– Mehar, Client Advisor in Seattle

Don’t assume getting a loan will be quick or that submitting 99% of paperwork is sufficient enough for a loan approval.  One missing document can delay the entire process.

– Cyrus, Client Advisor in San Mateo

The very first thing you should do

Truly know what makes you happy and what are your long term plans.  Just because a property is a good deal doesn’t necessarily mean it will be the right home for you.  I’m actually in this boat as I own a condo but just had a kid a few months ago so have been thinking of the future. So taking my own advice, instead of looking outward, looking inward as to what are my long term goals.

– Cyrus, Client Advisor in San Mateo

First and foremost, one should get pre-qualified for loan before beginning to look, because when you find THE house you will be that much ahead of the game. The loan process takes time, oftentimes the houses don’t last that long on the market.

– Eva, Tour Specialist in Bay Area

Understand renovation prices to see if a fixer upper is right for you. 

– Michael, Client Advisor in San Francisco

Tour homes in neighborhoods you hadn’t previously considered. Many clients are surprised at the variety of neighborhoods the Greater Seattle area has to offer and how much they might like something they hadn’t previously considered.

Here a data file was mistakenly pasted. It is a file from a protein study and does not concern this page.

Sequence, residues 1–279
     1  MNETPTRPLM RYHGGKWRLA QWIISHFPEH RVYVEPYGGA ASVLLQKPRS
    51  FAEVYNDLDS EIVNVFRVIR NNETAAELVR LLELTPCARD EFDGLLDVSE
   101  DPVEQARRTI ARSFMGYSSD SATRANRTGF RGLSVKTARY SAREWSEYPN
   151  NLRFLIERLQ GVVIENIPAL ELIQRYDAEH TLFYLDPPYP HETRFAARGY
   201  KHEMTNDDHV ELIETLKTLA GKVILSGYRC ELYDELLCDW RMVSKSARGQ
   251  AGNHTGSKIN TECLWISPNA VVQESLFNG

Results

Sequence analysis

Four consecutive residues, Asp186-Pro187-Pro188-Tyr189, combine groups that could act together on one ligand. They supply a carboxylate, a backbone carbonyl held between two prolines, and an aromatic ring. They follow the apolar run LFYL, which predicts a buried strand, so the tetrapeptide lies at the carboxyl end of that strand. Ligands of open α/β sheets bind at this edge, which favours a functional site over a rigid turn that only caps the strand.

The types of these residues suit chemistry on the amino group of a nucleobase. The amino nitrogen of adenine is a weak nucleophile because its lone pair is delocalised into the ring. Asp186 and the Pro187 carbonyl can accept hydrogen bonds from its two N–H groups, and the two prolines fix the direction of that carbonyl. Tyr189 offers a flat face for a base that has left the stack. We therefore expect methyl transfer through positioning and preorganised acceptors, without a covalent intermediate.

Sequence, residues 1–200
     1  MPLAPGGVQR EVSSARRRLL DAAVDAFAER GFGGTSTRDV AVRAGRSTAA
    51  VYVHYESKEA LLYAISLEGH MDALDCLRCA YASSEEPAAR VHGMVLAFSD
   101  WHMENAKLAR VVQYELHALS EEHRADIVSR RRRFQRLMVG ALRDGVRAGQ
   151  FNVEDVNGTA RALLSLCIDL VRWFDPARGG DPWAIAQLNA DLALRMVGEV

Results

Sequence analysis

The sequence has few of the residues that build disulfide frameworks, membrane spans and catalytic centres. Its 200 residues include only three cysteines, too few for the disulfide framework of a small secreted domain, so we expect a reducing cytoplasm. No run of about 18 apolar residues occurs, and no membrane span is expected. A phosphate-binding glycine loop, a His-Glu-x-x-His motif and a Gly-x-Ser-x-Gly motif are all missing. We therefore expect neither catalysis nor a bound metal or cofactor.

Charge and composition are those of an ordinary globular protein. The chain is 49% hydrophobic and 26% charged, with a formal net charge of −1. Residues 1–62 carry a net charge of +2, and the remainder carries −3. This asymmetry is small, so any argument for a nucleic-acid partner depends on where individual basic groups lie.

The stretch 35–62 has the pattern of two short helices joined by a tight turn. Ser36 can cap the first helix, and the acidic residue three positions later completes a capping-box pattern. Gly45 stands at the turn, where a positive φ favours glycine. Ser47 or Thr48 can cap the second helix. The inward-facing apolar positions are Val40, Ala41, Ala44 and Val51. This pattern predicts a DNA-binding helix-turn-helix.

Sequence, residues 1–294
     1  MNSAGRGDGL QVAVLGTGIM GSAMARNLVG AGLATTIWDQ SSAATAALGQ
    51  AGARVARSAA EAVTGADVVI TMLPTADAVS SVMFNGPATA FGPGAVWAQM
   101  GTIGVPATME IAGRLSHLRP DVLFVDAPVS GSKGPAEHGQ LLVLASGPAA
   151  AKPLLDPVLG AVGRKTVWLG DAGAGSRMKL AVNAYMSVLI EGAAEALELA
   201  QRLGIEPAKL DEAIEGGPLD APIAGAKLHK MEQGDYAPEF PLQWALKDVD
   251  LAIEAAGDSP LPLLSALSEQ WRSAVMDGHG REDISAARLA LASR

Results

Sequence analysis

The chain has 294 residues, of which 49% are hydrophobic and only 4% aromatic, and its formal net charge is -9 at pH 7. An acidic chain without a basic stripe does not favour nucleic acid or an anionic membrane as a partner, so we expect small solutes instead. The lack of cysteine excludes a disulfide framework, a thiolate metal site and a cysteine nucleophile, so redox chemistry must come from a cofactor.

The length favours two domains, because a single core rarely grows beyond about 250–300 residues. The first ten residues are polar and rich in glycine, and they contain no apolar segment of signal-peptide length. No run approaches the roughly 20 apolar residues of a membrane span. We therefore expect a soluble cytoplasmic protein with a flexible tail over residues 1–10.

– Andy, Client Advisor in Seattle

In the home buying journey, a home that you like in a listing will disappoint you and a home that you had a mild interest in will exceed your expectations.  When in doubt, tour the home. It is difficult to gauge the personality of a home through pictures and words.

– Scott, Client Advisor in San Jose

Bonus knowledge from our Home Inspection Manager

Some buyers assume that if an item is listed on a home inspection that it is a requirement of the seller to address or repair the deficiency, but this is not true. 

 A general home inspection is a non-invasive, visual examination of the accessible areas of a residential property to identify items that are materially defective or considered a health and safety concern. The report is created to inform the buyer of the general condition of a property at the time of the inspection. This report can in some cases (if it is a contingency offer) be used as a negotiating tool to request items be repaired or replaced, or request for a monetary adjustment of the price of the home.

The other misconception of some buyers and agents alike is that inspections are conducted based on current building codes. This is also not entirely true. We have a general knowledge of building codes that relate to safety within a home. It is not reasonable to expect all homes to meet the current codes. I often explain it in this way. If you want to buy a 1960s muscle car, it will likely have no power steering, power brakes, air bags or in some cases even a seat belt. It would be unreasonable to ask a car dealership to make these modifications to bring that car up to today’s standards. This is also the case with an older home.

– Stanton, Home Inspection Manager in Seattle

Let’s find your home!